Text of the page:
To the editor,
Our first December in office was busy and productive, filled with meetings, appointments, and visits with the many citizens who stopped by Town Hall. As we settled into our new routine, getting to know all of the town employees, we also made it a priority to acquaint ourselves with each town board and commission, attending as many of those meetings as physically possible. A new website, a CERT program, and a town-wide clean-up were all addressed.
The town of Beacon Falls’ website has been without a webmaster since its inception. Under my direction, Ed Groth has been named to fill that position, and the website is targeted to be updated and fully operational by the end of January. Please visit the site often, because the site is intended to foster communication and ensure transparency.
The unprecedented natural events of the past year have made clear the urgency of preparation training. Hurricane Irene was manageable because town staff was available to respond to residents’ needs, but Storm Albert was another matter; emergency personnel had their hands full tending to their own homes and families. Therefore, I will institute a CERT (Community Emergency Response Team) program in Beacon Falls. Training will begin during the last week of January, and the program should be up and running by the beginning of February. Please contact Town Hall for more information or to volunteer.
Among our administration’s first challenges was one shared by every municipality in Connecticut — organizing and carrying out a major clean-up after the October storm. I am pleased to state that we sailed through with minimal pain or expense to the town. I am extremely proud of our Public Works Department and grateful to the citizens who stepped up and took on this challenge.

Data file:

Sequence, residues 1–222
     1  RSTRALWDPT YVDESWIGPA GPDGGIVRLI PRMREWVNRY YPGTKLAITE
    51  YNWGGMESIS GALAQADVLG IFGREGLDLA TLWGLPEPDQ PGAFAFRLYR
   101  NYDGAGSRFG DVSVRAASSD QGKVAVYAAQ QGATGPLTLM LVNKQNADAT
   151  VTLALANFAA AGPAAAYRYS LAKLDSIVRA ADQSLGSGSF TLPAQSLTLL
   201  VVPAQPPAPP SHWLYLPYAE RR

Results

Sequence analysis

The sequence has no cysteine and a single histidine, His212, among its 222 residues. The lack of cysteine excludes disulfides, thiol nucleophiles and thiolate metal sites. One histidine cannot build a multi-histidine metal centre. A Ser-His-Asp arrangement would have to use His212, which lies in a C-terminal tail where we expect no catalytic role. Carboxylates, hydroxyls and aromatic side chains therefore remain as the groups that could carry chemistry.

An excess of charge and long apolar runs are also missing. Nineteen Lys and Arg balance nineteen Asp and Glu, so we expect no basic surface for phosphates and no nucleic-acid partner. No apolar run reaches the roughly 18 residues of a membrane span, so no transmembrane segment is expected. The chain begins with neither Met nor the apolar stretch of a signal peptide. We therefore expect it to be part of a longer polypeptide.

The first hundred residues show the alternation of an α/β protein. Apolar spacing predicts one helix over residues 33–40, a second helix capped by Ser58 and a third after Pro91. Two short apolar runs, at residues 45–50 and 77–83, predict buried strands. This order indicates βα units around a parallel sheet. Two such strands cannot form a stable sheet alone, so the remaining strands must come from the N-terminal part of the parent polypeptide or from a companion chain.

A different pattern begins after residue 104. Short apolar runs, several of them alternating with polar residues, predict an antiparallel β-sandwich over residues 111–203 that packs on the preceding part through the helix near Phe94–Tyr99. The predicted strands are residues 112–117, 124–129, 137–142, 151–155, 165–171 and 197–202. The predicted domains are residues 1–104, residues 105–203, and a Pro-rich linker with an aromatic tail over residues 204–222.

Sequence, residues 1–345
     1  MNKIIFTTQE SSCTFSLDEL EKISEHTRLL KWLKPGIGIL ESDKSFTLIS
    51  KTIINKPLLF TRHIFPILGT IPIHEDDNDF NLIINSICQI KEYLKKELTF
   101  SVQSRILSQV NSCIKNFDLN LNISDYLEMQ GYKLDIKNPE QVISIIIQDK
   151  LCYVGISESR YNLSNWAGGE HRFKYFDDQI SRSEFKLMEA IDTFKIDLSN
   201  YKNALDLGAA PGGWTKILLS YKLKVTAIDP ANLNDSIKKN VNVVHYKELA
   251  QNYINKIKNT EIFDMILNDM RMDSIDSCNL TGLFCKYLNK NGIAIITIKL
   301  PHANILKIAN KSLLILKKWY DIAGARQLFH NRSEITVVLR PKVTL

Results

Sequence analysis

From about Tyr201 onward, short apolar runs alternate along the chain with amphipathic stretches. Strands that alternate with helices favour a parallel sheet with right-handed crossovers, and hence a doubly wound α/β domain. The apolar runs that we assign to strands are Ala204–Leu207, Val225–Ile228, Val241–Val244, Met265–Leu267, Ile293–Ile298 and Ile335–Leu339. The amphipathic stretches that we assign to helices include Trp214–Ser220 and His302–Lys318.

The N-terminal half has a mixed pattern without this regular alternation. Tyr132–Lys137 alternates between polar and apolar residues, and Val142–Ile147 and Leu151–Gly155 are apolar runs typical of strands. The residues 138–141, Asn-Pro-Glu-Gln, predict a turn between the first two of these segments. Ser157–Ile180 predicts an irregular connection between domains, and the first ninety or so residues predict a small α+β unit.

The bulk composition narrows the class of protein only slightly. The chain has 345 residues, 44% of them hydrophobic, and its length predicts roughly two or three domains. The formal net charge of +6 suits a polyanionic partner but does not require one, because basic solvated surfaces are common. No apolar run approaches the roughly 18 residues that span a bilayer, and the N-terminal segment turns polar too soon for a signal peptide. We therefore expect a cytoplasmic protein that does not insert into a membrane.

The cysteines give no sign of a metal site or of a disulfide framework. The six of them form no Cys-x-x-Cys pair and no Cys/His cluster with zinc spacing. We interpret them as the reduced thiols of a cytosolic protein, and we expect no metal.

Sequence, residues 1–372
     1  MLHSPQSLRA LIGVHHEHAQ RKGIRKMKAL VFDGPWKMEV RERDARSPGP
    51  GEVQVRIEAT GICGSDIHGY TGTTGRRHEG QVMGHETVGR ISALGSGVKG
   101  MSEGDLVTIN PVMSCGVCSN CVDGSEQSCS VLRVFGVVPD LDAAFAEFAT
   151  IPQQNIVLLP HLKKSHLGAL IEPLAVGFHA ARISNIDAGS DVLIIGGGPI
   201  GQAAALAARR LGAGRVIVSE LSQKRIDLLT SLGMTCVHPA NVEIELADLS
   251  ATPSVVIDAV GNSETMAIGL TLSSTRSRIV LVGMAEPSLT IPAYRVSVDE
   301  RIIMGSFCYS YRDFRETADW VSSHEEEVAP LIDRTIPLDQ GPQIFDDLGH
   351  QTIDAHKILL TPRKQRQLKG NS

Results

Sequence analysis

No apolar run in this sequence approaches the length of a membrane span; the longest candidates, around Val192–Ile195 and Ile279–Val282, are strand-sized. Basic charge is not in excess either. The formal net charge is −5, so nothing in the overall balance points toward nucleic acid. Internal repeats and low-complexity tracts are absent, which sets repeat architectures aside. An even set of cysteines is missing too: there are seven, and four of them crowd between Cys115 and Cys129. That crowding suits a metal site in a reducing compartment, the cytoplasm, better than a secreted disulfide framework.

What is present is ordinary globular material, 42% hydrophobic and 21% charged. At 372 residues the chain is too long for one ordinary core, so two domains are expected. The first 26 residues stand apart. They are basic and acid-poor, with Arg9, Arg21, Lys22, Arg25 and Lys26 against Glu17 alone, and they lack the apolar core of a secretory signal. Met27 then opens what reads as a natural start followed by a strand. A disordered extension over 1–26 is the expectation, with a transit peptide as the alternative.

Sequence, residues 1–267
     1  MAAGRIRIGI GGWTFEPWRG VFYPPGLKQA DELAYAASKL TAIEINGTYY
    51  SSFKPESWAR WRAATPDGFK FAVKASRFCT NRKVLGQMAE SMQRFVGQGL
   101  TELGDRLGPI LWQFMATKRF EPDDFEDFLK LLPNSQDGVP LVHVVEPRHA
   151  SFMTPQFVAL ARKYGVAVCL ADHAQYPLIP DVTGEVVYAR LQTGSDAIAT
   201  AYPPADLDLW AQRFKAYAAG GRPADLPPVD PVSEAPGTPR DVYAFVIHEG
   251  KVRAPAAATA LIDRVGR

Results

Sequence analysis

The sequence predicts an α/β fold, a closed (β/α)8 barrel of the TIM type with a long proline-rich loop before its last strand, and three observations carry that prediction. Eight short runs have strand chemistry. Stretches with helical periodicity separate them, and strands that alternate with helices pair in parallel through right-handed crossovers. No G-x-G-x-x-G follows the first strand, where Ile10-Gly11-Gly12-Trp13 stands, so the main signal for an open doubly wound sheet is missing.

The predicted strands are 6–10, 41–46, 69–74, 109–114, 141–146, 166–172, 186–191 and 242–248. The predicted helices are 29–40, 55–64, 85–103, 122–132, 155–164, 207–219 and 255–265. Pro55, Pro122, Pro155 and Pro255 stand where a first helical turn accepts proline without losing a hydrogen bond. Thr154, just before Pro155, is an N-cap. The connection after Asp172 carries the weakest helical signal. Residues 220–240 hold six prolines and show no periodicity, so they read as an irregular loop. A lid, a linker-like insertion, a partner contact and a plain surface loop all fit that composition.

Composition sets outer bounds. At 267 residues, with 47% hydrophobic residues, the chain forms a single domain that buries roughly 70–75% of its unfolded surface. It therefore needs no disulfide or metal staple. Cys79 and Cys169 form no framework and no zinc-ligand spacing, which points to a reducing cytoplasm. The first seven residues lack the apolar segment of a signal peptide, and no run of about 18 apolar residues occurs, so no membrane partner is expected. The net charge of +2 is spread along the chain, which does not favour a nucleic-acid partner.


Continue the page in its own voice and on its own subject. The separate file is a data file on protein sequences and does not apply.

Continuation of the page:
In the past, Beacon Falls would take estimates, hire a contractor and wait for a 75 percent reimbursement from the federal government through FEMA. The one FEMA-approved, local (but out-of- town) contractor gave me an estimate of $60,000. We would have had to front the entire bill, and then wait for at least one year for FEMA to reimburse us, at which point we would receive only $45,000. The initial cost to Beacon Falls would be $60,000 to address a winter storm, with the entire winter still ahead of us; the final cost to the town, $15,000. (Beacon Falls is yet awaiting FEMA money from past storms.)
Having run on a platform of small government, fiscal conservatism and self-determination, I found this plan to be unacceptable. Conferring with second Selectman Dave D’Amico, whose area of expertise is public works, and Eddie Bea, the director of Public Works, I ascertained that, partnering with a local contractor, our own town’s employees could incorporate the clean-up within a regular work week. An in-town firm was hired to collect the brush for $9,600; this was accomplished within one week, and the town crew disposed of the brush.
As we enter 2012, I acknowledge that each month will undoubtedly bring its own unique challenges, but I am confident that Beacon Falls will meet each situation with a spirit of unity and excellence. I wish everyone a very happy new year.
Gerard F. Smith
First Selectman, Beacon Falls